Educational institutions must work with governments, the private sector, communities and civic authorities to ensure equitable access to high-quality learning resources during the coronavirus disease (Covid-19) pandemic and beyond, according to a new book published by Asian Development Bank (ADB).
“Covid-19 has taught us that flexible learning arrangements and teaching practices are vital to developing relevant skills in a fast-changing world,” said ADB Education Sector Group Chair Sungsup Ra, co-editor of ‘Powering a Learning Society During an Age of Disruption.’
“Post-pandemic, parents, employers, and other stakeholders outside traditional education institutions are expected to play a greater role in supporting education and lifelong learning,” he said on Monday.
The book comprises 21 chapters written by policy makers, practitioners and researchers. They conclude that Covid-19 provides an opportunity to build education systems that are stronger and more equitable.
Among the ways to make learning systems more resilient and accessible, the book discusses access to technology for teaching and learning, closing the digital gap, improving learning assessment, financing technological innovations, providing students with access to hardware, and ensuring teachers and students know how to maximise the technology.
The book emphasises the need to build learning societies in which resources are dedicated to promoting life-long learning. Educators must also re-evaluate how learning is assessed and communities should play a greater role in promoting learning.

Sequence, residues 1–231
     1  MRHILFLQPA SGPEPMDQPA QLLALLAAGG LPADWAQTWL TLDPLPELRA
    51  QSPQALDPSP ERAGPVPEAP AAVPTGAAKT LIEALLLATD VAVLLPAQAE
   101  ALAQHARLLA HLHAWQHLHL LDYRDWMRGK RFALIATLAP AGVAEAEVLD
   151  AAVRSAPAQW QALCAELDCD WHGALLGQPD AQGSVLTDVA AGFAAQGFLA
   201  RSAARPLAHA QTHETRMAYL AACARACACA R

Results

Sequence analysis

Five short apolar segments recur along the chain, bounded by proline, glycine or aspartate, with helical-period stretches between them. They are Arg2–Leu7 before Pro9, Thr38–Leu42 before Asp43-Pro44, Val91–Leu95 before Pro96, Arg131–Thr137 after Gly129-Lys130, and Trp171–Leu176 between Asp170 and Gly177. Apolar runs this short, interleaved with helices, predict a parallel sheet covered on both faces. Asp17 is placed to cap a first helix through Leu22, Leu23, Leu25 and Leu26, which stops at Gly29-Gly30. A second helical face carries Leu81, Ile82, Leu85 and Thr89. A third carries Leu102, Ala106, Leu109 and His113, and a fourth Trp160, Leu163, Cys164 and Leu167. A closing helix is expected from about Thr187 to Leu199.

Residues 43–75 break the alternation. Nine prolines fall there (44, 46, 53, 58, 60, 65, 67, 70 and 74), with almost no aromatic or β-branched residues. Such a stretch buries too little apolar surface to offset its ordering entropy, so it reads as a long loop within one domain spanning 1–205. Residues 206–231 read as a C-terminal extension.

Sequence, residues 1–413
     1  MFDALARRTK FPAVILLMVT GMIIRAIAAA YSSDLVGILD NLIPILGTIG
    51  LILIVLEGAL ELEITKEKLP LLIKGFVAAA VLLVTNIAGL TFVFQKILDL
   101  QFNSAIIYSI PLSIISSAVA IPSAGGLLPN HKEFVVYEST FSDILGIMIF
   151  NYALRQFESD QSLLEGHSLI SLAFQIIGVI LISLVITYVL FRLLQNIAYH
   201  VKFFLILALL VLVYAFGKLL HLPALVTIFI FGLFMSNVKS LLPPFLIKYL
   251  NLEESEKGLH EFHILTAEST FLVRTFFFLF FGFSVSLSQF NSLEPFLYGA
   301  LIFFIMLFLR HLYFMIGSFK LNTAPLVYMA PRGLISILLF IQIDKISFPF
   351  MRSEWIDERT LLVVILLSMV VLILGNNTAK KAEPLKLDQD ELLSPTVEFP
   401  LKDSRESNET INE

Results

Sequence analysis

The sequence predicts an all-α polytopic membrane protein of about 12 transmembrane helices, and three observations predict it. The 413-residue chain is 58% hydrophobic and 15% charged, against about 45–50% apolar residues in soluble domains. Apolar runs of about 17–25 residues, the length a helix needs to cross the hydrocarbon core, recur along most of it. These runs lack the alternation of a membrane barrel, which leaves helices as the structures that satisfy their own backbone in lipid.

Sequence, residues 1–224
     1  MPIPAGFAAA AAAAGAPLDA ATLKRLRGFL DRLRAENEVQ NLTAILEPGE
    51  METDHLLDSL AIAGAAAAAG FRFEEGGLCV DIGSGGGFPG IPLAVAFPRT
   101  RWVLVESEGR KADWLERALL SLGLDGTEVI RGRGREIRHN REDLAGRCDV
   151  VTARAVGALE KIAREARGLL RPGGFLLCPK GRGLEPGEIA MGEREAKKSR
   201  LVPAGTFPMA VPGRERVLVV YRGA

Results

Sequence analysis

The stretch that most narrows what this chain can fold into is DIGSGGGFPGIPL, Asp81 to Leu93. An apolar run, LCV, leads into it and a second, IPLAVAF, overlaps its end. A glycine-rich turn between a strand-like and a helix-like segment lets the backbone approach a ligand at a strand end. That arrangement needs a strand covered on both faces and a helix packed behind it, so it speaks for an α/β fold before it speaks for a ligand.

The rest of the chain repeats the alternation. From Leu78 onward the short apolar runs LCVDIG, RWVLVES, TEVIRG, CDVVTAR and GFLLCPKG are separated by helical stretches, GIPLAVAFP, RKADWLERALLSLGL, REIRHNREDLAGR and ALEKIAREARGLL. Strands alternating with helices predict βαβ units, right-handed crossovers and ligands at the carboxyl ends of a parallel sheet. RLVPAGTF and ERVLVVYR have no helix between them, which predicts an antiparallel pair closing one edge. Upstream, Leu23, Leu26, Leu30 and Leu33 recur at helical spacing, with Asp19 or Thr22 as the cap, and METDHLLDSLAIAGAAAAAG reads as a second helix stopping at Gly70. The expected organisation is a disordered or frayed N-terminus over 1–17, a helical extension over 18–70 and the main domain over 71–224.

“Fifty years ago, Asia showed the world that development was possible,” writes Columbia University Professor and Nobel Laureate Joseph E Stiglitz in the foreword.
“There will have to be a structural transformation to a knowledge-based services sector and green economy. Nothing could be more important in doing so than to help the countries in the region create dynamic learning societies.”
The book is co-edited by ADB Principal Education Specialist Shanti Jagannathan and Rupert Maclean from the School of Education at RMIT University at Melbourne in Australia.
(Only the headline and picture of this report may have been reworked by the Business Standard staff; the rest of the content is auto-generated from a syndicated feed.)
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